One thing I know for sure: Smiling through the fog is like driving with your headlights on. You never know what you'll see.
Frumpy Sweater Syndrome is one of those fibro-associated conditions the doctors never tell you about.
Actually, my frumpy sweaters aren't nearly as natty as this lovely vintage model. Mine are big and baggy and I can really hide. As winter approaches, I'm very happy for them, even here, south of the border. And during a flare, I feel absolutely justified in pulling the collars up over my ears.
Today, as the pain subsides and the fog starts to roll back a bit, I look down and wonder what in the world I was thinking.
My mind knows it's important not to surrender (too much) to the frumpiness of fibro. But who cares about holding your stomach in when everything, including your stomach, hurts? FSS can really cloud one's fashion sense.
I'd like to have a collection of soft, smart-looking jammie-like things to wear around the house, but during a flare it hurts too much to go shopping, and afterward I've already forgotten whatever it was I'd been thinking about.
If all I lose during a flare is my fashion sense, I can't complain. Still, if anyone has any suggestions about how to spiff up painlessly, it can only help.
That's not a fair tip. I knew you wouldn't anyway. But boy, sometimes I wish I could.
Once a week, when I can, I drive to my favorite cyber cafe and write. It's a great place to sit. Today, I got a lot done and had a brownie and now I'm home and spinning. Or rather, the fog is spinning around me. But it's okay. I don't have to work this afternoon and I've got something to read.
A colleague of mine, another fiction writer, sent out a call for influencers a few weeks ago. Influencers are people who read the advance copies of a book and then tell people about it. It's a nice form of unpaid publicity because it comes from the heart. And influencing for someone might encourage them to influence for me when my book finally comes out.
So today I'm in Florida. Not really, but I may as well be. After my strenuous morning, I'm taking a nice long break and reading the novel I'm an influencer for. I'm not quite ready to officially influence, seeing as I'm only on Chapter Two. But it's nice to have a "professional" reason to lie around and read. My body likes this job.
The book, by the way, is Love Finds You in Holiday, Florida. And this is fibro-related--sort of. Because today's entire FIBRO TIP should actually read: "Don't do this (see above). Lie down and read a book instead."
You'd think it would take a certain amount of chutzpah (or idiocy) to start a blog in the middle of a fibro flare. Actually, it gives me a great excuse to sit here and stare at the screen.
Well, I did manage to get something done today, and that brings me to a new feature here on Foghorn...
FIBRO TIP: I learned a long time ago that writing To-Do lists is futile. A better idea is to wait until the end of the day, write down everything I actually did, and then cross each one off.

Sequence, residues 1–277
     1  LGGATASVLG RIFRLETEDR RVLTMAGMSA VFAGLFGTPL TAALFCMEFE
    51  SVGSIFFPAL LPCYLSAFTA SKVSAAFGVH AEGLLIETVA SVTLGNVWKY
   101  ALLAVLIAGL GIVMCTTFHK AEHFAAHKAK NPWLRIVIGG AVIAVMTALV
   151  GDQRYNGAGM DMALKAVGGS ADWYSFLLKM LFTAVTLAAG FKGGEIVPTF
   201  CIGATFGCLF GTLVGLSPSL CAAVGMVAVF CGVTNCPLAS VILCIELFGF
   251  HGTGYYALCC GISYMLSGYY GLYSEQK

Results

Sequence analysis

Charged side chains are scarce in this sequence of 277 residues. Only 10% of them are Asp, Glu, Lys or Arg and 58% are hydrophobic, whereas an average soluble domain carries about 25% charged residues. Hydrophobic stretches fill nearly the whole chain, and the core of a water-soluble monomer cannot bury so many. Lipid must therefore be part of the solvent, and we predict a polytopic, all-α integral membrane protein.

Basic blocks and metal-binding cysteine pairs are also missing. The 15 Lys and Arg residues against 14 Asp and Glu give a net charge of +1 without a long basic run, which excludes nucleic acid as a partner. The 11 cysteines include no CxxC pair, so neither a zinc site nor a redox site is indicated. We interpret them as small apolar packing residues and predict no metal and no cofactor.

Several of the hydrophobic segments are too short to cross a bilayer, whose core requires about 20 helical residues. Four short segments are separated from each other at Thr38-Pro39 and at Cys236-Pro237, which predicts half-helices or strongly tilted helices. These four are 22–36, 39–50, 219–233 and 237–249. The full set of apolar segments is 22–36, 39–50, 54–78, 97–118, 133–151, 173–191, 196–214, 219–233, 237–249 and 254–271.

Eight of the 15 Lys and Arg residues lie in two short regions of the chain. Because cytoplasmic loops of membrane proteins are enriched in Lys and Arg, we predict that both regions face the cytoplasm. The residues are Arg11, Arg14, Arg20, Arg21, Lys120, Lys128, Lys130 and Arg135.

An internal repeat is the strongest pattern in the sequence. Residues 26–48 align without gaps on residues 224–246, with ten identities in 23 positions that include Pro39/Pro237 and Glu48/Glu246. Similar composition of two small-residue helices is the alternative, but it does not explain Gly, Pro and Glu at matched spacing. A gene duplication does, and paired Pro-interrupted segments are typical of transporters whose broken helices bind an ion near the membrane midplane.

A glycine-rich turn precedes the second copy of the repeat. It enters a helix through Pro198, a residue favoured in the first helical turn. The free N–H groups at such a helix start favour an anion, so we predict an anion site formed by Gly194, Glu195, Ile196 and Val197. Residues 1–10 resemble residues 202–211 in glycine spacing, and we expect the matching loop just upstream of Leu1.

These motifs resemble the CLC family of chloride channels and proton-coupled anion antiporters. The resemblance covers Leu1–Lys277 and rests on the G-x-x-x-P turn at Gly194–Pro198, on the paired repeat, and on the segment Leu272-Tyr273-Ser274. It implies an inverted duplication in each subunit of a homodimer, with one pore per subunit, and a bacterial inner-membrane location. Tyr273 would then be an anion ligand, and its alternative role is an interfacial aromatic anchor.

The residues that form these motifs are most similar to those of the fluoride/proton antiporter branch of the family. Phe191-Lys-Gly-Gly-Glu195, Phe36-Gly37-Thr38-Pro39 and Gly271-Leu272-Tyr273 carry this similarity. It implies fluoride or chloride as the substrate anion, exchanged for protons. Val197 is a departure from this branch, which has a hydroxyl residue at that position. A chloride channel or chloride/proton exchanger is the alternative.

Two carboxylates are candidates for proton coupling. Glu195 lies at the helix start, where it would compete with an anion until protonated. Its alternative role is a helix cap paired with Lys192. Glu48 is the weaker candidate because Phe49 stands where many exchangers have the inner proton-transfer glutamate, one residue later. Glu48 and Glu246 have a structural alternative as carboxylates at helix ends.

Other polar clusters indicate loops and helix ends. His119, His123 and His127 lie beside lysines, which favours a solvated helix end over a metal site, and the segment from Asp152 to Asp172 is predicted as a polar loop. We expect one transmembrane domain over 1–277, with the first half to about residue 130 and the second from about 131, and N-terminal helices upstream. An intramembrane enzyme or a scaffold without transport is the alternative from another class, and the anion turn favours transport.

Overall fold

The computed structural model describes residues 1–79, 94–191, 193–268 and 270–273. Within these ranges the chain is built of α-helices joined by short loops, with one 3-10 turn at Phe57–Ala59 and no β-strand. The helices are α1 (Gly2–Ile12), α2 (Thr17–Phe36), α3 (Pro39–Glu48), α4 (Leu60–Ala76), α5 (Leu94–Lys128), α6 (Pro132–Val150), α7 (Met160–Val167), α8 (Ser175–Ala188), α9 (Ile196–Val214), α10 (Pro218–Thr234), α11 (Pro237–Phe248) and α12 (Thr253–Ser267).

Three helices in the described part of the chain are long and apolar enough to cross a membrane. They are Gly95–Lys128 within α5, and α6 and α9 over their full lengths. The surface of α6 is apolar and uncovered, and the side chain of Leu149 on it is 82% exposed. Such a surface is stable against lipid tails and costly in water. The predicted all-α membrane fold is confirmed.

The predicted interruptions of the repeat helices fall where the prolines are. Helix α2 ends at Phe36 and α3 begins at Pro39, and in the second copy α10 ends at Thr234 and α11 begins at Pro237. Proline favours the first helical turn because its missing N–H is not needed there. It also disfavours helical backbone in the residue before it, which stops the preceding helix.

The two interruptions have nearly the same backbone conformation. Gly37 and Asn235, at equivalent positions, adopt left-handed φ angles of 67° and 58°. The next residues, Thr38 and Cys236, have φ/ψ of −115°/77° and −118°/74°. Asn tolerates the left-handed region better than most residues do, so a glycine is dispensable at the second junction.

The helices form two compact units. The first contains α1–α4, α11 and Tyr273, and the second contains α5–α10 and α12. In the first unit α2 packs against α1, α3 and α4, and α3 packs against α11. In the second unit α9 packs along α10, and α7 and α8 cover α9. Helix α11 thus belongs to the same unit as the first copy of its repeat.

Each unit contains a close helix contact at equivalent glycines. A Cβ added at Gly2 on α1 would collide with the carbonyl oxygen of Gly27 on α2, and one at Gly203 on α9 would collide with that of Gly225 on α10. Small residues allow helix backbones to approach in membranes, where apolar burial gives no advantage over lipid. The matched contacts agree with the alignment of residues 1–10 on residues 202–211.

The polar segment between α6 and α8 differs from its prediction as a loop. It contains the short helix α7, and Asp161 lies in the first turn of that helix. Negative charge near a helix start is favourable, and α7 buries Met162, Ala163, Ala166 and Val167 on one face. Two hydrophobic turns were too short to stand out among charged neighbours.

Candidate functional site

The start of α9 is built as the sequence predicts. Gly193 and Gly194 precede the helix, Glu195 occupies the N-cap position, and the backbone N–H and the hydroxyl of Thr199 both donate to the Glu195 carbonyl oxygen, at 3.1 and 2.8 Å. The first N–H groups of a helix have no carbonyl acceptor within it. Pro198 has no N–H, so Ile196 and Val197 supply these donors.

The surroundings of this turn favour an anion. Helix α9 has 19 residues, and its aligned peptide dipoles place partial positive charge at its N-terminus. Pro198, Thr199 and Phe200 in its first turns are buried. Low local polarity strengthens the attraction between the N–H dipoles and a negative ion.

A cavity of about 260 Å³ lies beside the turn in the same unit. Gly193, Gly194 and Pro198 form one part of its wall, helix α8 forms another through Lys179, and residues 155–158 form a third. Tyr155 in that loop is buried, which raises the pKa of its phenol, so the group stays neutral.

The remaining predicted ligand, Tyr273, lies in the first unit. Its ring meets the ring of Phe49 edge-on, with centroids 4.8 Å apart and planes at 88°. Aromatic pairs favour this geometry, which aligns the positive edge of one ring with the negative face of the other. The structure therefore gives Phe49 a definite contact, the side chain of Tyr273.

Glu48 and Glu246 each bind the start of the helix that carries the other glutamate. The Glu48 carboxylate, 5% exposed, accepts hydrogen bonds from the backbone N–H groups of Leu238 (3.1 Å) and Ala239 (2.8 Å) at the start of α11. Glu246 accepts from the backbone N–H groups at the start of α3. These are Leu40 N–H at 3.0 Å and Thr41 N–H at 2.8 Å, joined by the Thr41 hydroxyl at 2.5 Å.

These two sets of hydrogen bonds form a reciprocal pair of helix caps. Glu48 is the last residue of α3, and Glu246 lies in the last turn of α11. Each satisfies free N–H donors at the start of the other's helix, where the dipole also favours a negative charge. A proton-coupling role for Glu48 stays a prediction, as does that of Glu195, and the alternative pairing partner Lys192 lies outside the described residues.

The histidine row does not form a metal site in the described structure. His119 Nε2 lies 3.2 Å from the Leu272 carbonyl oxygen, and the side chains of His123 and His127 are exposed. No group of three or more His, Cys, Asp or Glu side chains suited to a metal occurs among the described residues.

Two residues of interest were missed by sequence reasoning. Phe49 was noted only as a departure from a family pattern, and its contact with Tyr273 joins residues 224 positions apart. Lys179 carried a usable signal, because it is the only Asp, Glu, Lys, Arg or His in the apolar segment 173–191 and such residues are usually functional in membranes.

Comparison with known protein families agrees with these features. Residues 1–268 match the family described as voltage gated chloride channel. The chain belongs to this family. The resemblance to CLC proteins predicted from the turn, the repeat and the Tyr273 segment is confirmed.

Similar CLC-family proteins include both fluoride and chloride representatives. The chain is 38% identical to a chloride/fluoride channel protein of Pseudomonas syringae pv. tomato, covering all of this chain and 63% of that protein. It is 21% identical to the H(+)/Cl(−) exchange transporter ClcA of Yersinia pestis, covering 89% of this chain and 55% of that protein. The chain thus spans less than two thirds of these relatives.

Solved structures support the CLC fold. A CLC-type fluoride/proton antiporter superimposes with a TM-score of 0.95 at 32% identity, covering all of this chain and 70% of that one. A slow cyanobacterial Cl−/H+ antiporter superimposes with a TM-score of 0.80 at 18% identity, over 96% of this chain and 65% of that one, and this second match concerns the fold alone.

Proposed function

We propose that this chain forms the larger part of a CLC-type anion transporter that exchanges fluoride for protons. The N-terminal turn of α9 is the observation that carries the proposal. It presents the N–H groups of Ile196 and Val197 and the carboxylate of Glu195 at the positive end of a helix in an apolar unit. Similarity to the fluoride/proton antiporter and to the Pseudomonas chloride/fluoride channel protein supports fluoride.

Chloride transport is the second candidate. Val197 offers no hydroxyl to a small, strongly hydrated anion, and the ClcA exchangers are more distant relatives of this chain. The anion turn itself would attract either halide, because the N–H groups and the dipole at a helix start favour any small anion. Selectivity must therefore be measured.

So here's my list: Sweep the floor. Huzzah!
A dear friend of mine wrote me recently about checking something out on Facebook and I had to admit that I'm not a member. I don't do Twitter, either. I don't think Twitter was created for folks like me. "8 a.m. Put on socks by lying on floor." "12:30 p.m. Dusted one shelf." I mean, what's the point?
This may change, of course, as I build my writing empire as a way to cope with not being part of the corporate world. However, I feel this is one of the benefits of having fibromyalgia. I'll never have to work on Wall Street.
To celebrate this fact, I joined Bukisa yesterday and posted my first article. Bukisa is a site where it's possible to make some money by writing what I love to write. If you've got something to get off your chest but just don't have the wherewithal to start a blog, you still might like to upload an article once in a while and pick up a few pennies.
If, like me, you're a creative soul who also has to work--somehow or other--you might enjoy the article I just posted there. I wrote 11 Tips For Surviving a Day Job With Your Creativity Intact a couple of years ago already, but the points it covers will probably never die. Fibro or not, day jobs aren't easy when you want to be doing something else.
Ironically (but probably not surprisingly), I've been sitting here for two days, staring through the fog at this picture and wondering what to write.
I like this picture. I'm sure I'll be sued any moment now for using it, but I can't recall the photographer and it's just too beautiful not to use. This image is my fibro fog on a good day, when the distance may be hazy but at least I can see what's up close.
The first post on a new blog is so important. Or we think it is. We feel we have to make a mission statement or some such thing, announce our existence to the world so it knows who we are and what we're about, and then stick to that purpose with steely intent until we just can't do it anymore and the whole thing implodes.
In my experience, blogs tend to morph over time into unexpected shapes. This one will, too.
I'll tell you what, though--everything I read about fibro on the Internet makes me want to bury myself alive, and my goal here is exactly the opposite.
I can handle the pain--not well, but I can--and I can handle the fatigue. But what really gets me is the fog. So this blog is dedicated to cutting through the fog of fibro and living life with some modicum of creativity and zest.
There are ways to live with love and light despite fibromyalgia, even when it affects our professional lives. I invite you to check in with The Artful Day-Jobber once in a while to see how I tiptoe around that particular landmine.
In the meantime, let's just keep smiling, every day, step by step , as we pick our way through the fog by the light from above.